DayTwo is a company that analyzes the microbiomes of its users through stool samples. It sends kits containing the directions and appropriate tools to collect stool, which the user then sends to the lab. Within a few weeks, they will receive a breakdown of their microbiome composition as well as recommendations of what food to eat.
The company uses an advanced algorithm to make these food predictions, one that was designed to help consumers manage their blood sugar levels and potentially prevent from other chronic conditions.
This year, two new papers offer evidence to validate DayTwo’s methodology. The first was published in JAMA Network in February, which outlines the findings of Mayo Clinic and DayTwo researchers.
“The Mayo trial was our validation study of the original Cell paper,” Josh Stevens, president of DayTwo, told us yesterday at the Nutrition 2019 conference in Baltimore.
He was referring to the 2015 paper published in Cell written by Weizmann Institute of Science researchers, the first study supporting DayTwo’s methods. It investigated whether an algorithm could predict if a certain food will make the blood sugar of a certain individual with a certain microbiome profile spike. It could.
“The Mayo trial replicated this protocol but on 323 subjects in Minnesota and Florida,” Stevens said. “It showed that the algorithm could be replicated in the US using US subjects, on US soil, with US food, and US microbiome profiling.”
The Mayo Clinic findings were significant, Stevens said, because from a scientific method standpoint, it proves that the results are repeatable. Secondly, it proved that the Cell paper results weren’t just for an Israeli or Mediterranean model, or an exception for the Middle East.
“It proved that this is actually a durable model that’s usable across territories and across ethnicities,” Stevens added.
Another paper was published last month in The American Journal of Clinical Nutrition, an analysis of the same data that was published in JAMA Network. “That one is a qualitative study of the results, which attests to the statistical significance of the work,” he said.
“That both JAMA and the AJCN picked it up is promising. We’re very concerned with peer-review and the respect of the scientific community.”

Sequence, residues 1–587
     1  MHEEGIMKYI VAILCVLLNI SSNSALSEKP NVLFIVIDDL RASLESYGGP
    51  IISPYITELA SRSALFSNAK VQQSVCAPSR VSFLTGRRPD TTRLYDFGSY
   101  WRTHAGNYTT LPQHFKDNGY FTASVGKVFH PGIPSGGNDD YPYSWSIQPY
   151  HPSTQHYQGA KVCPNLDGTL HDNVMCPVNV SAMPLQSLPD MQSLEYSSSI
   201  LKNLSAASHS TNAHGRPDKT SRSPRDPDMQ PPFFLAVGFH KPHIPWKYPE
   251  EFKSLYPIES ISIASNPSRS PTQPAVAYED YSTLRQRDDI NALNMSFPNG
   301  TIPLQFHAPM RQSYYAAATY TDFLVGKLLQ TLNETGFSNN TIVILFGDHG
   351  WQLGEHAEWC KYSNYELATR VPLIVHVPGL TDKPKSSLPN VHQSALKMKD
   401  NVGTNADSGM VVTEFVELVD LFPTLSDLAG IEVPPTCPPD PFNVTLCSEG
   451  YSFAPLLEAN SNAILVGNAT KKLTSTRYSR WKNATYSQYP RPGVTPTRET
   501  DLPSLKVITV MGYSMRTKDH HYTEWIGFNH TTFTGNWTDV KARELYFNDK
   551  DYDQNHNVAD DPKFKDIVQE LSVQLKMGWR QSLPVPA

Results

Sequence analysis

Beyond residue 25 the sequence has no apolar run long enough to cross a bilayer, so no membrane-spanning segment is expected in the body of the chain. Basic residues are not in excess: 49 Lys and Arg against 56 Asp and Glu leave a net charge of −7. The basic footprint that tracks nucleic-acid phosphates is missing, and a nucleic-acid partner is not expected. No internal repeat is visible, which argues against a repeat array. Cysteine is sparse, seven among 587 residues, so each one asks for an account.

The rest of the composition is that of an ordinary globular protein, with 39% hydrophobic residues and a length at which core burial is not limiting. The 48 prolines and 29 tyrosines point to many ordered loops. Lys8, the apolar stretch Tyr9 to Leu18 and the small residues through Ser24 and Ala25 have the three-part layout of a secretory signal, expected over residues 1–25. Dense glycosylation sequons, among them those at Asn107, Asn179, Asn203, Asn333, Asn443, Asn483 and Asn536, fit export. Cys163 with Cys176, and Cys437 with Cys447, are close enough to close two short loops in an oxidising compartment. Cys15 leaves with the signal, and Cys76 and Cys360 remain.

In Israel, a country of 8 million people, the largest health maintenance organization (HMO) Clalit serves 5 million people. In August 2018, Clalit became a customer of DayTwo.
“The Israel market has really blown up for us,” thanks to the partnership with Clalit, Stevens said. “That’s the type of customer that would be great to have in the US or any country, so that’s helped us diversify our model from B2C into B2B.”
For its expansion in the US, he added, DayTwo is focusing on the B2B route. That’s one reason why DayTwo is exhibiting at the Nutrition 2019 conference, hosted by the American Society for Nutrition and attended by academic and industry researchers in the nutrition space.
“We’re primarily focused on clinicians and employers and peers,” Stevens said. “The conference helps us reach a number of clinicians as we continue to build our network of doctors that use the service in their clinic today.”
There are over 200 clinics in the US that are using DayTwo with people with diabetes, he added, “and that’s really helping us building the dataset.” Further clinical trials are planned and ongoing, Stevens added.
The company has around 100 employees worldwide, 75 in Israel and 25 in San Francisco. The company is looking to double its employee count in the next year.
Source: JAMA Network
Published online, doi:10.1001/jamanetworkopen.2018.8102
“Assessment of a Personalized Approach to Predicting Postprandial Glycemic Responses to Food Among Individuals Without Diabetes”
Authors: Helena Mendes-Soares, et al.
Source: The American Journal of Clinical Nutrition
Published online, https://doi.org/10.1093/ajcn/nqz028
“Model of personalized postprandial glycemic response to food developed for an Israeli cohort predicts responses in Midwestern American individuals”
Authors: Helena Mendes-Soares, et al.